Innovation, Creativity, and Public Interest Law

Sarah Cinquemani, '18

Sarah Cinquemani graduated from the Elisabeth Haub School of Law at Pace University in 2018. She started her career as a New York State Excelsior Fellow with the New York State Department of Environmental Conservation. In October 2019, Sarah became an Assistant Attorney with the New York State Department of Environmental Conservation in Albany. In her role, she serves as a program attorney for the Division of Water working on the NYC Watershed and water quality issues.

What brought you to law school?

I have my Political Science professors at Adelphi University to thank for planting the idea of going to law school and studying environmental law in my head. Originally, I planned to go into the public policy field, maybe earn a Masters in Public Administration, but through my college courses I learned that environmental policy work takes years, even decades, to develop and implement and thought environmental law would be a more effective way to make a positive impact on the environment. Looking back, it is a bit funny because developing law- either through legislation or the courts- takes years, even decades. And now that I am a public policy attorney, I’ve come to appreciate that developing policy takes time and public input, but I recognize the really important work is implementing the policies effectively, so that they address the environmental concerns and help the public.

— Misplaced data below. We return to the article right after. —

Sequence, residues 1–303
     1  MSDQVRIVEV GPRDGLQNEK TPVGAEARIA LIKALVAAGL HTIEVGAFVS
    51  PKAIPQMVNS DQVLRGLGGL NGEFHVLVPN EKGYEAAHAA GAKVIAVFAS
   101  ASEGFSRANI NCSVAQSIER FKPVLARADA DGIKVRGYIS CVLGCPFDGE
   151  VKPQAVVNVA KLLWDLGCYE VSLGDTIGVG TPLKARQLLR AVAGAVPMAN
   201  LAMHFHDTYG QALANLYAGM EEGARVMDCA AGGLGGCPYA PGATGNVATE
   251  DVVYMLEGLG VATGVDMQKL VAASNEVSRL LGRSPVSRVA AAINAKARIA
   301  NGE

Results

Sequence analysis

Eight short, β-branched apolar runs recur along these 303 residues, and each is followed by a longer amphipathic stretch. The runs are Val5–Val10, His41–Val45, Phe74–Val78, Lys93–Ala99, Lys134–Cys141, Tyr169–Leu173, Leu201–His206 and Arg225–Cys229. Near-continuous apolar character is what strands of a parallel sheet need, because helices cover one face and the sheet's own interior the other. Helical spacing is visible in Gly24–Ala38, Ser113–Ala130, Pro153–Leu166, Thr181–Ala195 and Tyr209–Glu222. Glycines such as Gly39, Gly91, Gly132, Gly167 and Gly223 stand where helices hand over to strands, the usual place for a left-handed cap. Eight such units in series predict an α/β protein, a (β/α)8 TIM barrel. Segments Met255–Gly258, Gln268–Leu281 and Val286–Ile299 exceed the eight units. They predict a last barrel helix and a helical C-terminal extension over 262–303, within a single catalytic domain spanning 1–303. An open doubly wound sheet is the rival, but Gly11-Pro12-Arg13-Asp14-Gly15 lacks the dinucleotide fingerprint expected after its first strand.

Why did you choose Pace? 

I only applied to law schools with environmental law programs; so naturally, Pace was at the top of my list. In addition, Pace's close proximity to NYC and to my family in central Connecticut significantly factored into my decision to come here. I also received a substantial scholarship and met with environmental faculty from whom I was excited to learn.

Were you always interested in public interest work?  

I didn't know when I came to law school what 'public interest' work was, but I quickly realized it was exactly the type of work I envisioned myself doing. I saw myself working for a state or local government agency where attorneys work with scientists, engineers and policy specialists in a more holistic process to protect the environment within the constraints of the law. I am grateful to be working in a position where I get to do exactly that.

How did the Public Interest Law Center assist you during your time at Pace?

I can't say enough about the dedication of Elyse Diamond. She reviewed countless cover letters and iterations of my resume, helped me with interview preparation, checked in with me after interviews, and ultimately assisted me in making the decision about accepting the position as a NYS Excelsior Fellow. Even after law school, Elyse has kept in contact, checking in on me in my new role.

What specific experience at Pace helped you prepare you for a career in public interest law?